Minding the gap or moving the government?

What can be done about the London problem: the growing economic divide between the capital and the rest of the country?

Mind the Gap, a two-part BBC documentary by Evan Davis, looked at the causes and consequences of the growing divide between London and the rest of the country. He argues that powerful economic forces are polarising Britain: in theory technology should mean we can work from anywhere but in practice the economics of agglomeration mean that businesses look to cluster together and secure the benefits go with being close to each other.

However, for all those positive effects there are negative externalities too: the pressures on transport infrastructure, the environment and perhaps above all housing. Not so slowly, but surely, Londoners are being priced out of their own city. Much of this was summed up by in part one of the programme by film first of The Shard and then, just a few miles, the derelict and the soon-to-be-gentrified Heygate Estate.

Mind-the-gap

The housing consequences come not just in London but in places like Cambridge, where part two highlighted Astra Zeneca’s decision to relocate its research and development from Cheshire to Cambridge. And they’ve featured again and again in  blogs and articles that have caught my attention recently.

Philip Barnes blogged about the Londoncentric focus of discussions about the housing crisis. ‘Walking round London is simply different to walking round other cities,’ he says. ‘You can feel the economic confidence – on the street, in meetings and during economic discussions.’

That sounds about right, even though I’m probably not best placed to judge given that every city I go to feels like it is bursting with money compared to where I live (West Cornwall). You don’t have to look at the house prices or the rents or listen to Boris Johnson for long before London does feel different.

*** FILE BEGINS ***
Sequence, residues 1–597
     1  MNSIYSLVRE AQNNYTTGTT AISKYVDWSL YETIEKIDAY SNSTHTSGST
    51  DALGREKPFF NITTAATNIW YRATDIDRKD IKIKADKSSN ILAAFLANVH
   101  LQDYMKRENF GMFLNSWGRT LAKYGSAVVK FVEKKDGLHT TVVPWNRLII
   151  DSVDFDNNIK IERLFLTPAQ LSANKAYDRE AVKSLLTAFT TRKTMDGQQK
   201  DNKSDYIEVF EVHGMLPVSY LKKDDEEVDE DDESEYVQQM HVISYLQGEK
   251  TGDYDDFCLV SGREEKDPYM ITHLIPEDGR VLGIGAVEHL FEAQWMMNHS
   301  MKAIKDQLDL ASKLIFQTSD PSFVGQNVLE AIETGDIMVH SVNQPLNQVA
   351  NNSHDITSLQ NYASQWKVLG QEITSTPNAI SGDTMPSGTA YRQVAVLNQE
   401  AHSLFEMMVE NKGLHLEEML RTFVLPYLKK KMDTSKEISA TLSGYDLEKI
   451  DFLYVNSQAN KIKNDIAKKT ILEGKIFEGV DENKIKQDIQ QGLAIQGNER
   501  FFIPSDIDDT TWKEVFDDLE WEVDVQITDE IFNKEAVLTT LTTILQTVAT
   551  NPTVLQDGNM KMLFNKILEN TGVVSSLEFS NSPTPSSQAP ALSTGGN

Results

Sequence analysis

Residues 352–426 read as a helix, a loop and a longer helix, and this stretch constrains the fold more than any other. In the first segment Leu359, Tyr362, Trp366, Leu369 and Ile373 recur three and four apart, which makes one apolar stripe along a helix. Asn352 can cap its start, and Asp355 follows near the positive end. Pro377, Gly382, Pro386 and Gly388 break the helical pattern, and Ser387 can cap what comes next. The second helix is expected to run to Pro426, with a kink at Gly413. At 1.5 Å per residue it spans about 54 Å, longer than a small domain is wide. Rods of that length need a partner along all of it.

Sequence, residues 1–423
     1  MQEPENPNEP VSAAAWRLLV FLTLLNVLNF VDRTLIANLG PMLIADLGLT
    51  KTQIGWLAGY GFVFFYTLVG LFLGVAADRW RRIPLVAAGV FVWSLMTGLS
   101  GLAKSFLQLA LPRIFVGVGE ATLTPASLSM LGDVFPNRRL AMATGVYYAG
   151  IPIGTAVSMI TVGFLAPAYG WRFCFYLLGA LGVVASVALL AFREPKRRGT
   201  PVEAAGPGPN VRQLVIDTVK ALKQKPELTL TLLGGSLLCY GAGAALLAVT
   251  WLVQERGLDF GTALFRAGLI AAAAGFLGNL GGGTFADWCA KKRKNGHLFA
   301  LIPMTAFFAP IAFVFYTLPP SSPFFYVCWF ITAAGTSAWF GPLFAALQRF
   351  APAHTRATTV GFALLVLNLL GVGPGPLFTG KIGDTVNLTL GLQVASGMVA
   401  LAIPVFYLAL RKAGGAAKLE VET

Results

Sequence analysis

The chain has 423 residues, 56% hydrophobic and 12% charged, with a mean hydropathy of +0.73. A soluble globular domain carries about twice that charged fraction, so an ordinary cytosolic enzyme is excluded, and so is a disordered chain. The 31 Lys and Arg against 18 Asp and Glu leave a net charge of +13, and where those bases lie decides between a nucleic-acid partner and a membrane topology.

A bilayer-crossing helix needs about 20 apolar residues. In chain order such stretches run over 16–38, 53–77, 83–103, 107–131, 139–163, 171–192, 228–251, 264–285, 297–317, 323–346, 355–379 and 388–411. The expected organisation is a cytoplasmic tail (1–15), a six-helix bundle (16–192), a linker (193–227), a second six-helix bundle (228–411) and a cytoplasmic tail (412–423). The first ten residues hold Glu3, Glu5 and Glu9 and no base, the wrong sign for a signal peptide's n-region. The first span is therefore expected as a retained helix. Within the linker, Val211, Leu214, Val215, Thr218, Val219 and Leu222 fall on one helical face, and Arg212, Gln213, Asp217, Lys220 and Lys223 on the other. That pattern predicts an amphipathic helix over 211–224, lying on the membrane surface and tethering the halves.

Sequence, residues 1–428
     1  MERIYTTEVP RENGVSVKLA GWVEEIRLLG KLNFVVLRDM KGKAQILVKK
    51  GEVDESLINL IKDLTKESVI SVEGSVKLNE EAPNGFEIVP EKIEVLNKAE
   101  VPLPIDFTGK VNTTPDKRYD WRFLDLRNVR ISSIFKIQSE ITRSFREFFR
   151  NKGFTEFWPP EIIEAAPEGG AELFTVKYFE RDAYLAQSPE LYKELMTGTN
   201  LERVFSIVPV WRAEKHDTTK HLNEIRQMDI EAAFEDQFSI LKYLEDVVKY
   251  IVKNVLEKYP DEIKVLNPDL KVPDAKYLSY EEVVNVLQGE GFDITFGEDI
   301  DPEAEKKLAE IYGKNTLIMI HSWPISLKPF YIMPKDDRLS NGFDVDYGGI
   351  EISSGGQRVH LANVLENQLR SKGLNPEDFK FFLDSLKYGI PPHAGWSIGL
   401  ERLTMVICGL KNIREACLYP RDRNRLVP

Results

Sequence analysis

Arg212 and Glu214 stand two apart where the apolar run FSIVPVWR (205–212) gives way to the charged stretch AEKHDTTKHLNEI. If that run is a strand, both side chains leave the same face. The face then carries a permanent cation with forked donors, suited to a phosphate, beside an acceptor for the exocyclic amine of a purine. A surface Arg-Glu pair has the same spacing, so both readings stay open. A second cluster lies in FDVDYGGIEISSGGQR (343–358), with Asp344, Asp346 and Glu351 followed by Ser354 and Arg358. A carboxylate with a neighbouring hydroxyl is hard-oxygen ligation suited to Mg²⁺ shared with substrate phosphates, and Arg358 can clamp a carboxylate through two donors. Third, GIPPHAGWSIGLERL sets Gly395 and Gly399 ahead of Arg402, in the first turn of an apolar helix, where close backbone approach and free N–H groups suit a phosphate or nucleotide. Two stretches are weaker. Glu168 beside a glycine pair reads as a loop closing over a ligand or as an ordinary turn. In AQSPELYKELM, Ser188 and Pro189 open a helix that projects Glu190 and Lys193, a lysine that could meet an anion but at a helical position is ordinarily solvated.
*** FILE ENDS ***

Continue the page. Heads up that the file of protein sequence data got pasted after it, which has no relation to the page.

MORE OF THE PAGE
London First, an employers’ organisation whose mission is to make the capital ‘the best city in the world to do business’, produced a report arguing that the ‘unsustainable’ housing crisis is putting its competitiveness at risk. It made a series of recommendations including new suburbs, increased density and new borrowing powers for local councils as well as a ‘21st century Domesday Book’ of publicly owned land.

For this particular viewer, sitting about as far from London as it’s possible to be and still be in England, Evan Davis seemed just a little too pleased with the vast amounts of money pouring into the capital, too uncritical of the economic forces that have turned on the taps and too blind to the role of the state in many of the successful projects he highlighted. However, he also posed some important questions about the future of London and of Britain. Why is it that so much has come together in one place? And why has no other city come close to matching London’s growth?

For a good primer on the issues raised and some of the problems too, see this blog by Jonathan Schifferes of the RSA’s City Growth Commission on five insights and five oversights in the programme.

For an excoriating external perspective on the London ‘success story’, see this op-ed by Ben Judah in the New York Times. Being ‘open for business’ in reality means selling out to Russian oligarchs and Qatari princes, he argues:

‘The Shard is London, a symbol of a city where oligarchs are celebrated and migrants are exploited but that pretends to be a multicultural utopia. Here, in their capital city, the English are no longer calling the shots. They are hirelings.’

That point was picked up in an editorial in The Observer on Sunday about a city in thrall to money and greed. For London that means a growing spatial segregation as the super-rich colonise the centre and the poor are forced out altogether. For more on housing and inequality, see Danny Dorling’s new book.

And all of that got me thinking about London and its place in the country. It’s not just that it’s the capital of three national entities and the historic capital of an empire that makes it unusual. It’s also the way that so many of the networks that Evan Davis discusses are concentrated in one place – and the fact that this is not inevitable.

In the United States, for example, the political and judicial capital is Washington DC, the financial centre is New York, the tech heartland is around San Francisco and New York and Los Angeles are different centres of the media. London is all of these.

When you think about it in these terms it’s actually quite hard to think of another country where quite so much is concentrated in one place. France perhaps? Or Japan?